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Eatinerary: Culinary Backstreets, Made Personal
Recent News & Reviews
Delhi
Autumn in Old Delhi: Spices, Porters and Local Fare

Editor’s note: The world’s a big place, and CB’s setting its sights on greater horizons, beginning with this story about fall foodways in Old Delhi, by guest contributor Sarah Khan.

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Barcelona
Eat the Vote: Food and Catalan Independence

On November 9, Catalonia conducted a straw poll on independence, with more than 80 percent voting in favor of secession, and more than 10 percent voting for statehood without independence. Continue »

Istanbul
Şiraz: From Iran, with Love

Even we sometimes find that our palates have grown weary of rakı and eggplant salad. Lately, when that happens, we’ve been heading over to the Asian side of Istanbul for unique Iranian-Turkish mezes and hearty carafes of Aegean red wine at Şiraz, a tiny meyhane in the Moda neighborhood of Kadıköy. Continue »

Rio
Mussalem: Lebanese Roots

The second-richest man in the world. A five-foot-two, billboard-topping, belly-dancing bilingual pop singer. A right-wing São Paulo governor, mayor and congressman wanted in the U.S. on charges of money laundering of the multimillion-dollar order. Three presidents of Ecuador and one of Colombia. Continue »

Barcelona
Mercat de Mercats: Barcelona's Market Festival

La Boquería is undoubtedly one of the most famous markets in the world, but there are 43 markets spread across Barcelona, each with its own unique charms. Once a year, they can be experienced all at the same time, in the same place. Continue »

Istanbul
Emin Usta: Fish Sandwich Superhero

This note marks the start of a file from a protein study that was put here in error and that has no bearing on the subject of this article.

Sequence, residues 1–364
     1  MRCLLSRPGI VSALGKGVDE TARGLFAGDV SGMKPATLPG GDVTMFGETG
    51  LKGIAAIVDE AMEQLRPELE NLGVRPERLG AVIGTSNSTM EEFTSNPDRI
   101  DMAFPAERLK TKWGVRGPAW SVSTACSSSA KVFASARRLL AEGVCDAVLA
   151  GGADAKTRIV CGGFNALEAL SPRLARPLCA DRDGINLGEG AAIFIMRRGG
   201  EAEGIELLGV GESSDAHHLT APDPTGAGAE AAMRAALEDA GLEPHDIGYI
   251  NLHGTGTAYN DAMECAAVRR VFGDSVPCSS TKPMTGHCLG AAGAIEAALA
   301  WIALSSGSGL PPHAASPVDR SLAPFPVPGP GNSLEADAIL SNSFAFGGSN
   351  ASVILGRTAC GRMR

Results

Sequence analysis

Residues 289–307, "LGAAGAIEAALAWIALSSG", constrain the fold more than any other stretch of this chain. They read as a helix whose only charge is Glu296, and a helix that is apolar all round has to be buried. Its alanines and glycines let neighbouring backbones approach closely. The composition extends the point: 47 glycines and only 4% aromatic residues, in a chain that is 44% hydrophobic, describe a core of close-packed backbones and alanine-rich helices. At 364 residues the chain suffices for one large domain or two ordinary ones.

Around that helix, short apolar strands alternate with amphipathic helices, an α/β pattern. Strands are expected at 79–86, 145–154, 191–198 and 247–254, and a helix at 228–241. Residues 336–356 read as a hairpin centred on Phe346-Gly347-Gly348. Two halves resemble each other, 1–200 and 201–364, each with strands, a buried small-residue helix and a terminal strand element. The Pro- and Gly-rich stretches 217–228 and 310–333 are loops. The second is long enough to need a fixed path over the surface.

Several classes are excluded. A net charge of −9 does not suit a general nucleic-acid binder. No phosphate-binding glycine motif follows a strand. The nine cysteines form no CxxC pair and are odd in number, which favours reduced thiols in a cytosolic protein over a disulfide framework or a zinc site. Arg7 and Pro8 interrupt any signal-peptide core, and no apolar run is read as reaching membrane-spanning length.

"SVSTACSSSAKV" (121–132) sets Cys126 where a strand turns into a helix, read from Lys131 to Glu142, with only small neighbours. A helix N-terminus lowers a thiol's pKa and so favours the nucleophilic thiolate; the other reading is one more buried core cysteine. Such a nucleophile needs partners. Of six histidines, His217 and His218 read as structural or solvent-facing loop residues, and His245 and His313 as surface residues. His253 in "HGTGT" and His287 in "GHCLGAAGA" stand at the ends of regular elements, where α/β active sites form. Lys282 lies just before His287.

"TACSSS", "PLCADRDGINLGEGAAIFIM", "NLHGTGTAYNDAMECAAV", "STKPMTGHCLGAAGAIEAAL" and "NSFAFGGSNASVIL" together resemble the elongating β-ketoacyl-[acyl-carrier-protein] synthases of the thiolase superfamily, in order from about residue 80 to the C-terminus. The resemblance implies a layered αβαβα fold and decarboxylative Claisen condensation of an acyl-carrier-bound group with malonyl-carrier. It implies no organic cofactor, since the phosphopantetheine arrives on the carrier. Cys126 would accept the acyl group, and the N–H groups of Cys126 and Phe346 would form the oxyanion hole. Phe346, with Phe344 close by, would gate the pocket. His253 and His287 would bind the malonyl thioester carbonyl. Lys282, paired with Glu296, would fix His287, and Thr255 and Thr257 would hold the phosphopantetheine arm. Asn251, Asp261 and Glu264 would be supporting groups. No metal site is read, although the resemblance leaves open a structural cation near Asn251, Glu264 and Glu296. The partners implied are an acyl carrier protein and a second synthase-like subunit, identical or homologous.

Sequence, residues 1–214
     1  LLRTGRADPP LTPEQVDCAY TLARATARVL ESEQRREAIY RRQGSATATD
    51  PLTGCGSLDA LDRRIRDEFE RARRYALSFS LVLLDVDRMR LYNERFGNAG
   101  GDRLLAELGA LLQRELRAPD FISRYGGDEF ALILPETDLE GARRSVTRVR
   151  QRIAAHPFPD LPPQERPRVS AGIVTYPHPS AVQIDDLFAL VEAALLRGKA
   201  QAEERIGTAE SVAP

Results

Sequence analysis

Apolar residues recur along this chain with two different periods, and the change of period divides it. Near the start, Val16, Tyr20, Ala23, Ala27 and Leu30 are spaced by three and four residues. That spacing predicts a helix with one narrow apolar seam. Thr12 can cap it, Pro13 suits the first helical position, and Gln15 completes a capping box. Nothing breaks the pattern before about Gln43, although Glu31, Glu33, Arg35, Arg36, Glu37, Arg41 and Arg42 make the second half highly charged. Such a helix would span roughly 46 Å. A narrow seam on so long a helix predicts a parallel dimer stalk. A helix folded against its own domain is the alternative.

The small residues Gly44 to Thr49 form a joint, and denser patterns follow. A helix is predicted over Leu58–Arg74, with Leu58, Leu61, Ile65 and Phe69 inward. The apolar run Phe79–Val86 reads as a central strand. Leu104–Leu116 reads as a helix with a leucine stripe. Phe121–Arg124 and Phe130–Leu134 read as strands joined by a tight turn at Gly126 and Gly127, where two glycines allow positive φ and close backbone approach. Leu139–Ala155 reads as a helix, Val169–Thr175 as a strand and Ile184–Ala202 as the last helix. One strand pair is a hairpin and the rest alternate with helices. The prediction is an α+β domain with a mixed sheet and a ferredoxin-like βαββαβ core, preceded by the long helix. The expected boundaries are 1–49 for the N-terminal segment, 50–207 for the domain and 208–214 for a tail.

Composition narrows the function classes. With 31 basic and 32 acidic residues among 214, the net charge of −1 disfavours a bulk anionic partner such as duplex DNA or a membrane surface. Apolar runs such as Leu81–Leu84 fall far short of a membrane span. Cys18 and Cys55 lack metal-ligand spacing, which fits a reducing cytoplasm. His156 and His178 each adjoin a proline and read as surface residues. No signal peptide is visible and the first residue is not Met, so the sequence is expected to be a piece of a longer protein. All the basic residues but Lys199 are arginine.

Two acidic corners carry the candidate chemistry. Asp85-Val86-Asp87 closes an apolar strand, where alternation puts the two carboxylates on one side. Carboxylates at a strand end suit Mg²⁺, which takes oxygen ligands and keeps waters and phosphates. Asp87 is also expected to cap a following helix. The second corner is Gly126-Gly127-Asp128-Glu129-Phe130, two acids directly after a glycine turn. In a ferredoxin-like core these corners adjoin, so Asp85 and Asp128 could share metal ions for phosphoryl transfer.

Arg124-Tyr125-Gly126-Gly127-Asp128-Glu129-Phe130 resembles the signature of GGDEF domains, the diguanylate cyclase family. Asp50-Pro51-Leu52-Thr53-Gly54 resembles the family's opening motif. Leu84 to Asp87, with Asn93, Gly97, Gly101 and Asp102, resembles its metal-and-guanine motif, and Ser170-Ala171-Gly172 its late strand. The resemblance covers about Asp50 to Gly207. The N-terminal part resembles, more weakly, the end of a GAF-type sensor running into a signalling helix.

The first time we approached the stand of the legendary fish sandwich man, we were pleasantly surprised by what we saw: a dark, portly man with a glorious mustache (hence Mario, our nickname for him) turning fish on a portable grill cart next to the Karaköy waterfront. Continue »

Mexico City
Tacos El Patán: Love at First Bite

The ecosystem that is downtown Mexico City never fails to amaze us. A few years ago, this part of the city was considered dangerous. But after some revitalization efforts from the government and a few private construction companies, much of the area is now safe for tourists and locals alike. Continue »

Athens
CB on the Road: Krokos Kozanis, the Spice of Myth

Let us begin with a little Greek mythology. Hermes – son of Zeus, god of thieves and commerce and messenger of Olympus – and Krokos, a mortal youth, were best friends. Continue »

Mexico City
Día de los Muertos: Grateful for the Dead

Día de los Muertos (Day of the Dead), or at least some variation of it, has been an annual celebration in Mexico for over 3,000 years. During the Aztec period, it took the form of a festival in August dedicated to Mictecacihuatl, otherwise known as the Lady of the Dead, who was the ruler of the underworld and the afterlife with her husband, Mictlantecuhtli. Today it is one of Mexico’s most colorful holidays, encompassing popular traditions both old and new. Continue »

Barcelona
Panellets for All Saints’ Day: For Whom the Bell Sweetly Tolls

While Americans celebrate Halloween this week with M&Ms and Milk Duds, in Catalonia this time of the year is marked with a different, more sophisticated, kind of sweet. The small, round marzipan cookies called panellets are, along with roasted chestnuts and sweet wine, the traditional fare of All Saints’ Day, or Tots Sants in Catalan. Continue »

Food Walks! Explore with Culinary Backstreets
When it comes to exploring a city's authentic dining scene, while the stomach should ideally serve as the best compass, the truth is that it's hard to find your way without good local advice. That's where Culinary Backstreets' food walks come in.
Istanbul Eats: Exploring The Culinary Backstreets
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